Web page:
In Controversial Move, Mexican Senate Approves Military Operations Against Criminals

by Bill Ostrove, International Military Markets Analyst, Forecast International.

Mexico Army paratroopers

In a 71 to 34 vote, the Mexican Senate approved the Internal Security Law, which gives the Mexican armed forces a legal framework to conduct internal security operations. Proponents of the law say it will give the military the ability to support police in combating criminal networks that have hurt Mexico, while opponents believe it will lead to increased human rights abuses. Continue reading

A Positive Half-Measure: Taiwan’s Proposed 2018 Defense Budget

by Dan Darling, International Military Markets Analyst, Forecast International.

Taiwan’s ruling cabinet announced on August 17 that it has approved a fiscal year 2018 budget proposal that favors the Ministry of National Defense over all other government departments.

The FY18 budget calls for an allocation of TWD331.8 billion ($10.95 billion) toward defense, which would make this area the largest of all government expenditures at 16.7 percent of the total national budget. Continue reading

With Latest Funding Agreement, Sweden Awakens from Its Defense Slumber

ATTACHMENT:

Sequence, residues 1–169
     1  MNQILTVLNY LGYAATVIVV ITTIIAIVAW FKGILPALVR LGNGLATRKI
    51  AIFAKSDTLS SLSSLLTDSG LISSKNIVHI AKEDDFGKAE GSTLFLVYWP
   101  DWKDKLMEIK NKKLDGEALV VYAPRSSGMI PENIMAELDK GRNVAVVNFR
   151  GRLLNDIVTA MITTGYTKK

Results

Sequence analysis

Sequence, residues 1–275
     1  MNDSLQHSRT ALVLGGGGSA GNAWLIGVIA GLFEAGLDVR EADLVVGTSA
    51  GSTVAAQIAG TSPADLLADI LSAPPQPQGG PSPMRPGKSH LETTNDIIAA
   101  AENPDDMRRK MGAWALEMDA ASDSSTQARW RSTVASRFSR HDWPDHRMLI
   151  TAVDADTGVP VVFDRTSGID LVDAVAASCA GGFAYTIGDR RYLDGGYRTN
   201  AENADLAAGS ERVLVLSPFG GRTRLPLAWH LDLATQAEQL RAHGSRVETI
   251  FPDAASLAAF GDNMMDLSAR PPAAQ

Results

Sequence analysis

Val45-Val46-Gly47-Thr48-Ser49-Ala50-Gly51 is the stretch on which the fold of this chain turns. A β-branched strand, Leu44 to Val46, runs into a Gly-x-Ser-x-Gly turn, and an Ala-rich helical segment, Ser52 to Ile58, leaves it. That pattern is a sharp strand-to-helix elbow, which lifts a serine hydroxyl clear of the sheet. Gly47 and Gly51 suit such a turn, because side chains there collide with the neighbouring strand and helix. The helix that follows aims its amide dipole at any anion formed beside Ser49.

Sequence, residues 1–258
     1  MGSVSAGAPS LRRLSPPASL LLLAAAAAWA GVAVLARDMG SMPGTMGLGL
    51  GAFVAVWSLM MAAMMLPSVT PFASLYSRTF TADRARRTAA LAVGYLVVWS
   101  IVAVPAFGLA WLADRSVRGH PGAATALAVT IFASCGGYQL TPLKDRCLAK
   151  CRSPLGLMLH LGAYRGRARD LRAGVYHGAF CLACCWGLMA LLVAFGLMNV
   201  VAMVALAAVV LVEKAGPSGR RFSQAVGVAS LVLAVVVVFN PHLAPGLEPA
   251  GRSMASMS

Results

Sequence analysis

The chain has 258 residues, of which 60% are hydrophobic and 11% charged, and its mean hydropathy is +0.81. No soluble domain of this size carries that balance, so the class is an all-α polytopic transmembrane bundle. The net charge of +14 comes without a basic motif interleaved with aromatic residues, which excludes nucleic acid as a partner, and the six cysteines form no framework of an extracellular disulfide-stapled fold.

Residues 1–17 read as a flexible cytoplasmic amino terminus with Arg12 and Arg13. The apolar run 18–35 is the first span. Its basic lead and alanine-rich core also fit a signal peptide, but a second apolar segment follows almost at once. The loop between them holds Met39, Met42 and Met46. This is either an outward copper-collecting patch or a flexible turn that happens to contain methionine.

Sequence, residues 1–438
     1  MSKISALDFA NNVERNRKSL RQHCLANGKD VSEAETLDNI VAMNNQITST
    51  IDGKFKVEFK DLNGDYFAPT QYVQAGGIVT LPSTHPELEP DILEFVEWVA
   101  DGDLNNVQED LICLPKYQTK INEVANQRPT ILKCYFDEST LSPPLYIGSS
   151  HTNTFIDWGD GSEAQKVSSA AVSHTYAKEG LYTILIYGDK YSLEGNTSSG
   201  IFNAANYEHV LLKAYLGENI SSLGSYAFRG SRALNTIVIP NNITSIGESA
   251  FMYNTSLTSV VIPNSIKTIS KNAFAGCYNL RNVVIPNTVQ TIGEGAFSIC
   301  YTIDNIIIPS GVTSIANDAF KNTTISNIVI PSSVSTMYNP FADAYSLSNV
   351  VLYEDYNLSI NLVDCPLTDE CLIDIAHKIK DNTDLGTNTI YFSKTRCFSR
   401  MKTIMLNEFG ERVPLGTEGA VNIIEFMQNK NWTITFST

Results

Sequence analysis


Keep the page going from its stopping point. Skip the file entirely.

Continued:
by Dan Darling, International Military Markets Analyst, Forecast International.

Sweden’s Stridsfordon 90 CV9040. Source: Wikipedia

Sweden’s minority government and political opposition Alliance bloc have agreed to a new defense deal that will provide SEK8.1 billion ($1 billion) in additional funding for the country’s broad security needs over the upcoming three-year period through 2020. The agreement bolsters spending on the Swedish military (which will receive SEK6.8 billion – or $841 million – worth of the additional funding) and civil defense (SEK1.3 billion, or $160 million). Continue reading

SAIC Looks to Renewed Growth

by Richard Pettibone, Aerospace & Defense Companies Analyst, Forecast International.

SAIC's headquarters building in Huntsville's Cummings Research Park.

SAIC’s headquarters building in Huntsville’s Cummings Research Park.  (Source: SAIC)

As a firm that derives almost all of its revenues from U.S. federal markets, Science Applications International Corporation has been acutely aware of the ongoing slowdown in spending.

Partially in response to this decline, SAIC was split in 2013 into two “new” companies, SAIC and Leidos. According to reports, the decision to split freed the high-margin science and technology business and the lower-margin IT and technical services business from organizational conflicts of interest (OCI) restrictions, particularly for the government services business.  In broad terms, SAIC focuses on services and Leidos concentrates on information technology, especially in the health technology and national security domains. Continue reading